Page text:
Birthdate: 16 September 1988
What is your occupation? Data scientist
What/when was your first climb? Hustle up the Hancock 2012
How many climbs have you completed? 12, I think
Why/how did you start? I started climbing while I was working in intelligence. Due to security requirements we didn't have internet access in the building and we weren't allowed to have cell phones. The weather was awful for a few months which meant going for a quick walk to break up the boredom was out of the picture so I took to hitting the stairs just to get out of the office.
Do you have a favorite climb? Why? I have a deep personal connection with Sears. When I first learned about the climb I was stuck in a rut, hating my job, and knowing that I needed to do something different with my life but unsure of how to go about doing it. I found that the Sears climb coincided with my sister's birthday (she lives in Chicago) and that there were direct flights from ORD to Hong Kong so it made my plans to visit a friend in Hong Kong more realistic. Eventually those plans turned into taking an open ended sabbatical so the climb really marked the start of my year of wandering; I spent the next few months backpacking then eventually quit my intelligence job and took a few months to teach yoga, train for a marathon, and get my personal life together. The next November I was still a little unsettled but I used the climb as a stopping off point before I headed to San Francisco where I wanted to move but had trouble justifying the move when I had no job, had blown nearly all my savings, and had a very good job offer back in DC at a job I could realistically see myself loving. After the climb, I headed to SF for a planned two week vacation, found a job right away, and have been loving the California life ever since. Just before Sears the next year (2014, my third year in a row), I finally went back to DC, my first trip back since I left for my two week CA vacation. I had to tie up some loose ends, say good bye to some folks I feel reasonably sure I'll never see again, and apologize to my friends who felt like I had abandoned them when I just never came home. While the 2014 climb was not my best, it felt like a good conclusion to my DC trip. This climb is brutal and really pushes you to dig deep; it was the first thing that I did on my year long search for self and nicely bookended it as I wrapped things up and fully transitioned into a much more settled down life in SF.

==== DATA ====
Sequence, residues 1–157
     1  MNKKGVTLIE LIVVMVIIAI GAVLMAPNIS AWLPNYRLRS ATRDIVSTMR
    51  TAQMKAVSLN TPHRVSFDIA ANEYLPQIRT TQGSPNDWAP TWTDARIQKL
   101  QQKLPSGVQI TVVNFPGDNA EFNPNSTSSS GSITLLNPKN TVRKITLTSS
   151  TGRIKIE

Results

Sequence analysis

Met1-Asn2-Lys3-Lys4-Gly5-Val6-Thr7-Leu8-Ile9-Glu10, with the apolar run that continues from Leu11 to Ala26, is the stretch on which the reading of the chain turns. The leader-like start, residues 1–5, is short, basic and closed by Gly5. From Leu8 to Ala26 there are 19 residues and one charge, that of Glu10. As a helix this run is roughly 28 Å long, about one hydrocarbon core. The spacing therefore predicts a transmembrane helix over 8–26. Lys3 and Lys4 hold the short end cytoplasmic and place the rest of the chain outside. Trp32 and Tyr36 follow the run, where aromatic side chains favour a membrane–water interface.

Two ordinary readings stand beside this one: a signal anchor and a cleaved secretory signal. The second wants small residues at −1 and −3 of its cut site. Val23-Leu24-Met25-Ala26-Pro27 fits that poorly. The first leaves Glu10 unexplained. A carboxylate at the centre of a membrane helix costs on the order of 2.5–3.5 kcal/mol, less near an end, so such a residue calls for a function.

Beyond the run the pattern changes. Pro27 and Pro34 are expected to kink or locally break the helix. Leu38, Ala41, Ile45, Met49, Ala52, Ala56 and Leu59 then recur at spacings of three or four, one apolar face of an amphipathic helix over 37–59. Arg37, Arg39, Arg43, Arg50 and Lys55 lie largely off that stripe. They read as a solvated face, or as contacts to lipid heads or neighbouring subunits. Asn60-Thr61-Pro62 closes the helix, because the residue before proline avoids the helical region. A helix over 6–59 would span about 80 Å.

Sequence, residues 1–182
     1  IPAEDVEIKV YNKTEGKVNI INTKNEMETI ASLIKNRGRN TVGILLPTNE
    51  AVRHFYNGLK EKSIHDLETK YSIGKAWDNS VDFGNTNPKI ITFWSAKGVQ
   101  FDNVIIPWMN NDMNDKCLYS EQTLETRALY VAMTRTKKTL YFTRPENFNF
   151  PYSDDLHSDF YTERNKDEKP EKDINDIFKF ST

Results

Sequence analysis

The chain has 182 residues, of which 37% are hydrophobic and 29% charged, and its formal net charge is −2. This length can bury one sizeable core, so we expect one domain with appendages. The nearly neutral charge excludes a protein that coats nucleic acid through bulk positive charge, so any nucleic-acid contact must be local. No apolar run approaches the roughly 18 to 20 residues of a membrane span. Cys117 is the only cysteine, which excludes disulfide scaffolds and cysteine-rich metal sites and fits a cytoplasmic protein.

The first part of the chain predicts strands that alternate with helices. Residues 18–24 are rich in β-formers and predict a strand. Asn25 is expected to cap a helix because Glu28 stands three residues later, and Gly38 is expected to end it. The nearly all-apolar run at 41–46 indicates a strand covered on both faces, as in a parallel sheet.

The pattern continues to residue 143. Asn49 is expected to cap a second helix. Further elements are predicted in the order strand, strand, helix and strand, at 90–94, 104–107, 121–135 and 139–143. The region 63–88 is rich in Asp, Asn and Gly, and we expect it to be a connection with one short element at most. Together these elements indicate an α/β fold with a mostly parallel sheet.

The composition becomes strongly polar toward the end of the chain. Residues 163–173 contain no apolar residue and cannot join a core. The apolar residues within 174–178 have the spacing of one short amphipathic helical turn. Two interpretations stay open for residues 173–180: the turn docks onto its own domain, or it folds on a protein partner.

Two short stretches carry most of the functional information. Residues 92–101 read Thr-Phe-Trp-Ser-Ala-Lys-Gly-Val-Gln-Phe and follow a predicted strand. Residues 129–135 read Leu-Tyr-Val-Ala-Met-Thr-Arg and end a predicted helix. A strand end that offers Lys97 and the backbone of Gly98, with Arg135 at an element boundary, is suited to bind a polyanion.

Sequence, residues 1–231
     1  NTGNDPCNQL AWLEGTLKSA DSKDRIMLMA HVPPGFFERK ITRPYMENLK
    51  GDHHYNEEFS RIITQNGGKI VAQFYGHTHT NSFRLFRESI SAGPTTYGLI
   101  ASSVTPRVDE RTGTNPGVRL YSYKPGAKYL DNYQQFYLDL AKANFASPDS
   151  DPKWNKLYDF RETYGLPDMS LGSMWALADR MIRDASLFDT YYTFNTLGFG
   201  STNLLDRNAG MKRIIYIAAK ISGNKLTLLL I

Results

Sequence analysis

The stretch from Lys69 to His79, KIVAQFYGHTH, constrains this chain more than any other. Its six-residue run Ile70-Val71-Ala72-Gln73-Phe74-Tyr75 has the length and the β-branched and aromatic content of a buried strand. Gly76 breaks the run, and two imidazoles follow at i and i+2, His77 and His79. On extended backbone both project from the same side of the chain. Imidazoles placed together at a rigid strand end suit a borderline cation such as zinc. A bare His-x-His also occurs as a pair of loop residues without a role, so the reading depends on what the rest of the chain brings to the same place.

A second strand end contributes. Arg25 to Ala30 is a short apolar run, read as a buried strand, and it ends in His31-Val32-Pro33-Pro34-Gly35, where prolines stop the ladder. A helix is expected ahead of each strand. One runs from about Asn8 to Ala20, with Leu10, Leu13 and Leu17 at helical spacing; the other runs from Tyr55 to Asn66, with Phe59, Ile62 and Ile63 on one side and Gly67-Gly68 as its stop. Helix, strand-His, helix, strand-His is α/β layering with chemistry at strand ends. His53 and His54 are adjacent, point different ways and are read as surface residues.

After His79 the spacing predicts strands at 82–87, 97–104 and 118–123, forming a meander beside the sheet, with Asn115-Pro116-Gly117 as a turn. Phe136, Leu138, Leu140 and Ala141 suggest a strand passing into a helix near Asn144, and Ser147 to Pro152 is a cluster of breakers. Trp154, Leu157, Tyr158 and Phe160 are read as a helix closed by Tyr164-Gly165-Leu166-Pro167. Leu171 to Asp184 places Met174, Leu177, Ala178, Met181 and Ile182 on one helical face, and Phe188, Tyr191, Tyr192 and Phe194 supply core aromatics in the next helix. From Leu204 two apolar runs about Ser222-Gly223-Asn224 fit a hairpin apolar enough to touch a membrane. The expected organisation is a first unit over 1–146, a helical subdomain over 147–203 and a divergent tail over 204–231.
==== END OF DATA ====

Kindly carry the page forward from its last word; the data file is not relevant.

Least favorite climb? Why? I haven't encountered a climb I wouldn't do again.
Why do you climb? I like that it forces you deep into your own body. One of the things that I love about competitive freediving is that you are forced to stay calm and present, otherwise you could drown. As long as you stay calm, you remain in control; any distraction could prove fatal. Climbing is the closest land based activity I have found to this state of forced intense concentration. I can always find the same state while on my bike but it requires a lot of effort to push myself to those limits and to stay there. On the stairs, you only need to focus on the stairs directly in front of you, your breathing, and your heartbeat. If you lose focus on any of those things, you blow up.
Are there other sports you’re passionate about? My primary sport is road [bike] racing but I also love freediving (breath hold diving).
Did you have injuries or issues you needed to overcome to climb? laziness
How do you train? I train almost exclusively on the bike. Living in SF I walk up hills a lot which helps, but it's primarily cycling for my training. Sometimes I'll do breath control work in the pool which I think helps train my respiratory muscles, but is primarily a good psychological training tool to simulate that feeling of not being able to catch your breath while not being able to do so.
Do you have a special relationship with any of your step-siblings? I like to climb with my sister and I'm friends with many of my step-sibs
Who inspires you? My sister tags along on many of my physical adventures. She isn't in the greatest of shape and I know these things (long bike rides, stair climbs, even a half marathon) are really hard for her but she always says yes when I ask if she wants to join.
Do you have a good luck charm or any superstitions or pre-race rituals? I love a sushi dinner the night before a race, or lox and toast for a pre race breakfast but I don't freak out if I can't get either.
What's on your iPod during workouts/competitions? I don't train with music
Do you have a website or blog for those interested in learning more about you? hiccupingyogi.com
If we had numbers on our jerseys, what would your number be? 19
What would you like to tell others about yourself and your experience with stair climbing that might inspire them in their lives? If you're stuck in a rut you don't necessarily need a full plan to get yourself out of it. Every step you take is important; do things that are challenging to you and eventually you'll have the confidence you need to make big decisions about your life. I remember thinking how dumb that sounded when I was really stuck but by taking almost a year to focus entirely on doing things that scared and challenged me, including many physical challenges like stair climbs, I know that I am so much stronger than before. I now do things that I would've passed on years ago because I was too nervous to do it or unsure of how to proceed. I credit climbing for jump starting that process and recommend it as an easy empowerment tool to anyone who asks.